The prevalence of obesity may be lower among drug-dependent individuals, particularly in those dependent on opioids, compared with the general population, according to a study published in Drug and Alcohol Dependence.
The study included participants with opioid and/or stimulant dependence from 6 clinical trials within the National Drug Abuse Treatment Clinical Trials Network of the National Institute on Drug Abuse (n=1596). Participants were compared with age-, sex-, and race-matched National Health and Nutrition Examination Survey participants using standardized prevalence ratios (SPRs). Logistic regression was used to estimate associations between the type of drug dependence and obesity.
The standardized obesity prevalence among study participants with drug dependence was 67% of expected for matched participants (SPR, 0.67; 95% CI, 0.60-0.74). Individuals with an opioid-only dependence had the lowest prevalence for obesity (SPR, 0.36 [95% CI, 0.27-0.46] compared with control individuals, and SPR [0.33; 95% CI, 0.23-0.46] compared with individuals with a stimulant-only dependence).
After controlling for age, sex, race, education, and employment status, the odds of obesity were 67% lower among participants with an opioid-only dependence (adjusted odds ratio, 0.33; 95% CI, 0.23-0.46) and 33% lower among participants with a dependence to both opioids and stimulants (adjusted odds ratio, 0.67; 95% CI, 0.49-0.90) compared with participants with a dependence on stimulants only (P <.0001).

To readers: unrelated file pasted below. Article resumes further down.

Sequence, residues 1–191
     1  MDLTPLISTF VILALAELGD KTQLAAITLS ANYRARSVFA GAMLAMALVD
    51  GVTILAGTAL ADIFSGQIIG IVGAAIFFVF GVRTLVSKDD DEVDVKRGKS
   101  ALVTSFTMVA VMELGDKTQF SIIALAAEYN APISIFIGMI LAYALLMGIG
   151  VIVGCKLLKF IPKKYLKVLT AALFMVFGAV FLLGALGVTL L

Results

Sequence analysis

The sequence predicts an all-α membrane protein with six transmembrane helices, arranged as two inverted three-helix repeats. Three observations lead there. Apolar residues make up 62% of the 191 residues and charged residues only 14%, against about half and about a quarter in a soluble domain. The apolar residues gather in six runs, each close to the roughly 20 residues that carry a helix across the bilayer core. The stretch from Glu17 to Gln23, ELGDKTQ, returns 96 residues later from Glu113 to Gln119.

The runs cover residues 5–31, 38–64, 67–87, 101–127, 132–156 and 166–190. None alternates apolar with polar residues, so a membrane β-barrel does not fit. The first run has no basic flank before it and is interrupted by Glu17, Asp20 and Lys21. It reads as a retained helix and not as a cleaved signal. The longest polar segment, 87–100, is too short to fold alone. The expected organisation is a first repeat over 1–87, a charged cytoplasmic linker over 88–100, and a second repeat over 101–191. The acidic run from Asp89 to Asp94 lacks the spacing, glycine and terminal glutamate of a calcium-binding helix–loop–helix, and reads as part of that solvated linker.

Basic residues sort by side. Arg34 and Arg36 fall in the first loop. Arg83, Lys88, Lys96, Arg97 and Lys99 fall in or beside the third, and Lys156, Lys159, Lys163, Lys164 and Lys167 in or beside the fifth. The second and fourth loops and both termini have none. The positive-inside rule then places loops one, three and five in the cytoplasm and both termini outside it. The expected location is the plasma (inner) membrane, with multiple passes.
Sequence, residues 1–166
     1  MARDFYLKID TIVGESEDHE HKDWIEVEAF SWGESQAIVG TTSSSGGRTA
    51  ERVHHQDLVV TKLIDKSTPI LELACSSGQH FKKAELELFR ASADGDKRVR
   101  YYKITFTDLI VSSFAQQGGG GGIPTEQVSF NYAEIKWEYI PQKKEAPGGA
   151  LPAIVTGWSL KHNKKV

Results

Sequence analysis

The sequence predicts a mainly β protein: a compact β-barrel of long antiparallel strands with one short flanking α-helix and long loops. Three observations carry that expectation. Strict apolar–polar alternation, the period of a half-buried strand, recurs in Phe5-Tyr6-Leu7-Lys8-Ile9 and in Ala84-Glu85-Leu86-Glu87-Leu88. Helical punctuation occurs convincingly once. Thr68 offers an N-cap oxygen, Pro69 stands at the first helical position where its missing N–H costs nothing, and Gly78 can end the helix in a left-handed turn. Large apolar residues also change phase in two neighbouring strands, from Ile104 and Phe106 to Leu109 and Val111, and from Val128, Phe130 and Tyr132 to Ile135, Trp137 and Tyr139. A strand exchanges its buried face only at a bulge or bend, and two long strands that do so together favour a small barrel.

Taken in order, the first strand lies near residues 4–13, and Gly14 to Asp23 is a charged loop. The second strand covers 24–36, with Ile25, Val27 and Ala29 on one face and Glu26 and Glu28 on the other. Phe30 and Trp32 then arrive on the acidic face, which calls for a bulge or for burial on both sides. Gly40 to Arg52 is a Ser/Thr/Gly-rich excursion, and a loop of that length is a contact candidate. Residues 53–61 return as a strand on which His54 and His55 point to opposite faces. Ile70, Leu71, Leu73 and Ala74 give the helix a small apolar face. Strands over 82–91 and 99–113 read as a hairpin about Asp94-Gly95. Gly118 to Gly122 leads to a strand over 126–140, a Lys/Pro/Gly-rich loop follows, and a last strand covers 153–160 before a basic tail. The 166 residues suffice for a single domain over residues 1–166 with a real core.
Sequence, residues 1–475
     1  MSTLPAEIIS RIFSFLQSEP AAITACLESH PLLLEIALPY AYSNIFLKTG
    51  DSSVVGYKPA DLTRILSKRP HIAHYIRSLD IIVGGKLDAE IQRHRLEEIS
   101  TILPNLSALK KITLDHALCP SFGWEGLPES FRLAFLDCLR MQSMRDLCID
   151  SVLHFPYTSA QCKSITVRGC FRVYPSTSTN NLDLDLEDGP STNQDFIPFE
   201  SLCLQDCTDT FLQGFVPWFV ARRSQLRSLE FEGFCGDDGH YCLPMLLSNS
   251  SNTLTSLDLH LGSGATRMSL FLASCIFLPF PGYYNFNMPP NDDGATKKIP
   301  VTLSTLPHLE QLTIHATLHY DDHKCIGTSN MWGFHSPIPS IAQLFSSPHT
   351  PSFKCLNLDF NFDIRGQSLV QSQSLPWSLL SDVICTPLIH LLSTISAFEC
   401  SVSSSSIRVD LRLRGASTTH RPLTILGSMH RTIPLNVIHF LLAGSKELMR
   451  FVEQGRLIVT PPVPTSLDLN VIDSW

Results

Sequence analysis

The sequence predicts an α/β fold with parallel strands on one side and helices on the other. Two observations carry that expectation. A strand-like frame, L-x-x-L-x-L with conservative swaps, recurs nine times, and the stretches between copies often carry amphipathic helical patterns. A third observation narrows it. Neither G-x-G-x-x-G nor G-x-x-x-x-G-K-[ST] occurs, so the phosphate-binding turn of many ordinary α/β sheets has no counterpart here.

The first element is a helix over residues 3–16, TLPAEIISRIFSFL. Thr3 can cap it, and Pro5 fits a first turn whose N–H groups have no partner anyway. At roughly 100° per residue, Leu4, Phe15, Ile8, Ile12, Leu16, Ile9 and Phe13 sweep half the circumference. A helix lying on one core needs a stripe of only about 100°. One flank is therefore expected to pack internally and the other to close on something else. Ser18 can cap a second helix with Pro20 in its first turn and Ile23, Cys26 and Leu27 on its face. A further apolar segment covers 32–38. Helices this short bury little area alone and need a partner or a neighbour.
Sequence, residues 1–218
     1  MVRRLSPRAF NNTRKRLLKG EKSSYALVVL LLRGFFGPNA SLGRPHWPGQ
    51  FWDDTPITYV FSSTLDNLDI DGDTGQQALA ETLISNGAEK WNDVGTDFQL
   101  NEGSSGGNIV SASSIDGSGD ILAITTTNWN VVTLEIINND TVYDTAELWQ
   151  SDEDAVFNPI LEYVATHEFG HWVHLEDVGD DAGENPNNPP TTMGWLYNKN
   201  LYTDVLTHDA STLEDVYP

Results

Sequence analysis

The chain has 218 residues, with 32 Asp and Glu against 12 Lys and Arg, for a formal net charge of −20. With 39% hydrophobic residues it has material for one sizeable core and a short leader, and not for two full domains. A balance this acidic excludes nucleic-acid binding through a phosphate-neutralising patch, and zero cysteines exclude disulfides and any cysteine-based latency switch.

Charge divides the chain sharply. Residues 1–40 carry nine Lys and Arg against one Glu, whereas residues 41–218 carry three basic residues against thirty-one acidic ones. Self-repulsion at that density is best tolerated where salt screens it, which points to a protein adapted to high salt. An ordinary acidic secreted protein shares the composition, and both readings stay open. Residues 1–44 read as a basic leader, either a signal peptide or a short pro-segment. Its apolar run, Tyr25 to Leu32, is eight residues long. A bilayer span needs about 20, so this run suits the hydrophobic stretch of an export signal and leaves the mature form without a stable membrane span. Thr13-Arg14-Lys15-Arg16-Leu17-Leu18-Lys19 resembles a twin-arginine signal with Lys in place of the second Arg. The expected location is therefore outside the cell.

“Investigations of the relationships between eating behaviors and [substance use disorder] would also have meaningful implications for the treatment of [substance use disorder] and obesity in the population [with substance use disorder],” wrote the study authors.
Hu L, Matthews A, Shmueli-Blumberg D, et al. Prevalence of obesity for opioid- and stimulant-dependent participants in substance use treatment clinical trials. Drug Alcohol Depend. 190;2018:255-262.
This article originally appeared on Clinical Pain Advisor